Richard Bausch, the nationally acclaimed novelist and short-story writer, has joined Chapman University’s Department of English faculty as a full-time professor, and will celebrate his arrival on the Orange campus by offering a free public talk – “Why Literature Can Save Us” – on Monday, Sept. 24, 7 p.m. in the university’s Memorial Hall. The talk is part of Chapman’s Lectio Magistralis series of free lectures by noted faculty members.
“No writer has a finer insight into the delicate matters of the human heart than Richard Bausch,” hails Pulitzer Prize-winning author Robert Olen Butler. Bausch, who previously taught at the University of Memphis and launched an immensely successful community creative writing workshop there, moved to Orange over the summer and began teaching classes at Chapman this fall. He joins a distinguished writing faculty in Chapman’s Wilkinson College of Humanities and Social Sciences that includes novelist/screenwriter Mark Axelrod, pioneering steampunk-fiction author Jim Blaylock, nonfiction writer Tom Zoellner, poet Anna Leahy, novelist Ryan Gattis and others.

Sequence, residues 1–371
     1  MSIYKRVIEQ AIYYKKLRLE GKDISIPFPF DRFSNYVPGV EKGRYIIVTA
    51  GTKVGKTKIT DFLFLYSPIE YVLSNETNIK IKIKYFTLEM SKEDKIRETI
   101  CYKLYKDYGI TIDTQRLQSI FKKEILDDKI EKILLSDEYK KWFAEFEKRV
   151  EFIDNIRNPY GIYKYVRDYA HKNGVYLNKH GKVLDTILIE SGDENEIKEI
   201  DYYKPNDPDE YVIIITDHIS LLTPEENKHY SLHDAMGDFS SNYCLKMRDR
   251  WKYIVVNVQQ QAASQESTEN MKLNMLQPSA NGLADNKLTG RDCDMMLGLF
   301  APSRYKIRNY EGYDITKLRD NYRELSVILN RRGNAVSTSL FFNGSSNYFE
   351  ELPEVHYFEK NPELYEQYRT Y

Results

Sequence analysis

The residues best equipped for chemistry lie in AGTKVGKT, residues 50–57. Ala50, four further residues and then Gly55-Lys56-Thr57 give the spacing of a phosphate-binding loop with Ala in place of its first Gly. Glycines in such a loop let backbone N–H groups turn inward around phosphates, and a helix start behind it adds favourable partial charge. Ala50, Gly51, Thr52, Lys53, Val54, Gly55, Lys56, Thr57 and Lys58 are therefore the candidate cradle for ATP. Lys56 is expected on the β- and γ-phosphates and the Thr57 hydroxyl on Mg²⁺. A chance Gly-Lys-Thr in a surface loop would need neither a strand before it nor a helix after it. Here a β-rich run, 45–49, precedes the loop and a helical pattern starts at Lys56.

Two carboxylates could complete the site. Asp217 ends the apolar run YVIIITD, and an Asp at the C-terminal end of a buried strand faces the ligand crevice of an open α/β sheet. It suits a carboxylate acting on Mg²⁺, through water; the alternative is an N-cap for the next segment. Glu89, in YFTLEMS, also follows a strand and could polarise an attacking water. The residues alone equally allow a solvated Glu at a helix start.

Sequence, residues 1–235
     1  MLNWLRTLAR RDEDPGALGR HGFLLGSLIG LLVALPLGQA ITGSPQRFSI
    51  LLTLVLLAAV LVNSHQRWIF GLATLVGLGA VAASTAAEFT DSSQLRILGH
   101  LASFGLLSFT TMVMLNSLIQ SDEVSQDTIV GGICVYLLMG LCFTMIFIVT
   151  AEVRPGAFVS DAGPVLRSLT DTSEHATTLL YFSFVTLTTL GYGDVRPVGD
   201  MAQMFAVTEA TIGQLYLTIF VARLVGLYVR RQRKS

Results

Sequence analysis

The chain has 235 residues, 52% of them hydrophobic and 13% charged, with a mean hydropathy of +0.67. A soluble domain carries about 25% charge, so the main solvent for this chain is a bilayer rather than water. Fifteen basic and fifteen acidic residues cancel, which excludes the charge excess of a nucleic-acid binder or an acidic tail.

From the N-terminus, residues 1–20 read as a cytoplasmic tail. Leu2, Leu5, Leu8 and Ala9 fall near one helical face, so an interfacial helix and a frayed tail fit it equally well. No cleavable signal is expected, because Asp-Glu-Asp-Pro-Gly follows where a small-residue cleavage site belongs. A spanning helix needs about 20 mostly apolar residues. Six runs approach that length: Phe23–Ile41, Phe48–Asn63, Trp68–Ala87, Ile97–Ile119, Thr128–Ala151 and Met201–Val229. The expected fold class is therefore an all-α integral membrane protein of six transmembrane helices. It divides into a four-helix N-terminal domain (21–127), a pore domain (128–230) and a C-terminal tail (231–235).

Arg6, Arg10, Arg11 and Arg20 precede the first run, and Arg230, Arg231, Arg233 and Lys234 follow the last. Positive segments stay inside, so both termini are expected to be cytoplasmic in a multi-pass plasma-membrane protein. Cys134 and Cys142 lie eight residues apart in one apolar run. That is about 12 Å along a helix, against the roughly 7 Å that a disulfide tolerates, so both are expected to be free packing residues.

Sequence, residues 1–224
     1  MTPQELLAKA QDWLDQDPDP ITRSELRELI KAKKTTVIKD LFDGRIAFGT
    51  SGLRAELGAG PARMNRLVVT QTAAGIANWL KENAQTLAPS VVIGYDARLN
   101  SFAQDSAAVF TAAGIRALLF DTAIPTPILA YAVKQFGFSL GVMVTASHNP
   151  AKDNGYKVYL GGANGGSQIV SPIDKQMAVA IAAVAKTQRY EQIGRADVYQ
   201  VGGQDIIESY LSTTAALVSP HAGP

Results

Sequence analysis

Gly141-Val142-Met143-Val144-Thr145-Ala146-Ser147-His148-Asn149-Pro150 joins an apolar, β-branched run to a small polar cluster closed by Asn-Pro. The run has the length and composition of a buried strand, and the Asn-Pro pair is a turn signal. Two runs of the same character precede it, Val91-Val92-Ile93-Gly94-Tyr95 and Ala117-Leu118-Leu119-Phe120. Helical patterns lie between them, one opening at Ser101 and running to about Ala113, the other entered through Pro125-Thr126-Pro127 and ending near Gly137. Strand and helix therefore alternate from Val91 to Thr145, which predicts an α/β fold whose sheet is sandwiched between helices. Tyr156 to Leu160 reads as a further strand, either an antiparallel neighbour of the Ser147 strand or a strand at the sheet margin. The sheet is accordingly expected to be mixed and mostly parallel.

Bausch is the author of 11 novels, including Hello to the Cannibals, Thanksgiving Night and The Last Good Time (which was made into a film by actor/director Bob Balaban), and several collections of short stories. He is a celebrated master of the short-story form, and his work has been widely anthologized. His stories have appeared in The New Yorker, The Atlantic, Esquire and many other magazines.
His honors include two National Magazine Awards, a Guggenheim Fellowship, the Award of the American Academy of Arts and Letters and the PEN/Malamud Award for Excellence in the Short Story.